Until we sat down to eat Christmas Dinner with Ian’s parents and his uncle. The space where Lennon’s wheelchair sat in the dining room suddenly seemed so vast and empty. I felt sad, and that was the start of the downward spiral.
Someone let it slip that Ian had booked a trip to Paris over Mothers Day with his mates. He intentionally hadn’t consulted with me before he went ahead and paid for it and everyone knew except me. He had been hiding it from me with no intention.
Ian wouldn’t be home on Mothers Day. I will have to get through my first Mothers Day without my son alone.
I couldn’t believe he didn’t even pay me so much as a fleeting thought when he booked it.
I was already struggling with my emotions and the pain of dealing with the first Christmas without my eldest child, this revelation tipped me over the edge – like rubbing salt in a cut.
As soon as we arrived home I made my way straight to bed and didn’t surface until late morning on Boxing Day. I forced myself to get up and dressed for my girls.
Ian and I had a blazing argument.
He walked out.
He came home.
We went drove to my mums separately.
We ate dinner, opens presents and I went home.
I took the Christmas tree down and packed away our first Christmas without Lennon. I wanted Christmas over and done with. I didn’t want anymore Christmas without Lennon.
Ian and I made up. Life’s too short to waste time arguing.
The day after Boxing Day we had tickets for Disney On Ice at The O2 – Lennon’s Christmas present that I had booked in the weeks before he died. We went every Christmas. Lennon wasn’t interested in presents so we spent money on days out instead – Lennon loved experiences and trips out and Disney on Ice was one of his favourites.
We travelled down on the tube and the atmosphere wasn’t great. The magnitude of the day ahead weighing heavily on us all.
The girls throughly enjoyed it and we all spent most of the performance pointing out the little things Lennon would of loved and talking about how much we missed him not sitting amongst us, shouting and arm flapping.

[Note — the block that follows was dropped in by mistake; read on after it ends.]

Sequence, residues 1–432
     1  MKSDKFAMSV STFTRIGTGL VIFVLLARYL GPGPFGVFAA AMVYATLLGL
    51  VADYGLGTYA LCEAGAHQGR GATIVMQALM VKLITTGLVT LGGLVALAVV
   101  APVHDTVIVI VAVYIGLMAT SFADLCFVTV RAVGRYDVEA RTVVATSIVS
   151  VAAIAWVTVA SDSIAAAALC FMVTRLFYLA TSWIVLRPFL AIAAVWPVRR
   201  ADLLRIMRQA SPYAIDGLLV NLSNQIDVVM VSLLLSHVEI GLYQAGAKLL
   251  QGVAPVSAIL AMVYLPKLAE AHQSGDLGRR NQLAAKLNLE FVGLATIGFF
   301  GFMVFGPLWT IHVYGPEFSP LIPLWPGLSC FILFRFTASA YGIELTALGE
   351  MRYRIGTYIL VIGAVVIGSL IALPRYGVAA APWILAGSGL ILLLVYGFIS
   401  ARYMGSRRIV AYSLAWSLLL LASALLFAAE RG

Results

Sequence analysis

At the end of the performance, snow floated down and covered us, butterflies flew above the ice and we knew Lennon was right there with us.
The days before New Year were mainly long and dull. Ian went back to work and I didn’t have the energy or the enthusiasm to take the girls anywhere. I felt a heavy fog take over me with a New Year imminent.
New Year has been a sticking point with me since Lennon was born – celebrating a New Year with a life limited child, to me felt completely out of the question. The approaching year could be Lennon’s last – why on earth would we want to celebrate that?!
This time the New Year brought a new torment with it.
2017 knew Lennon.
Lennon knew 2017.
Lennon was alive in 2017.
2018 would not know Lennon.
Lennon would not know 2018.
In 2018, Lennon died last year.
That hurt me.
After spending days moping around not getting dressed and crying, by New Years Eve I had realised that I really did need to get out and make some attempt to save my drowning self.
I even put some make up on.
We took the girls for dinner at ASK and then went to the local pub for a few drinks with friends.
We had the girls with us, so no plans to stay out and see the Year change – I knew that would be a step too far for me. So we left the pub at 22:30 with Florence and ventured home. Isla wanted to stay with her friends, so we left her behind.
On the 1st of January 2018 I woke up strangely relieved. Relieved that it was all over. But still sad. Sad that Lennon died last year. Sad as the hard, cold realisation that time moves on hit me yet again.
Christmas Eve 11 years ago – The first time I held my baby boy. He was 19 days old. In a hospital across the other side of London and we were still unsure if he would survive.
The pain I felt then was incredible.
All I wanted for Christmas was to hold my baby and to bring him home. For him to survive and experience a life outside of his Perspex box, monitors, tubes and needles.
It is nothing compared to the pain I am feeling now. Facing my first Christmas without my first born child.
All I want for Christmas is Lennon. To see his face beaming at the sights of Christmas lights, feel
his hands slap me on the back as he watches his sisters getting excited for Santa and to watch him throwing spoons across the table while we eat Christmas dinner.
In the run up to Christmas, every year my thoughts are consumed by our time spent at Chelsea and Westminster. Sitting over Lennon’s Perspex box, the monitors flashing and singing. Walking up and down the Fulham Road in between the tube station and the hospital, day after day. Christmas lights and charming decorations everywhere.
The shops full of gifts, and passers by full of Christmas cheer. The gigantic Christmas tree in the hospital lobby.
Entering the hospital with promise for the day ahead. Thoughts that today would be the day my baby would turn this around.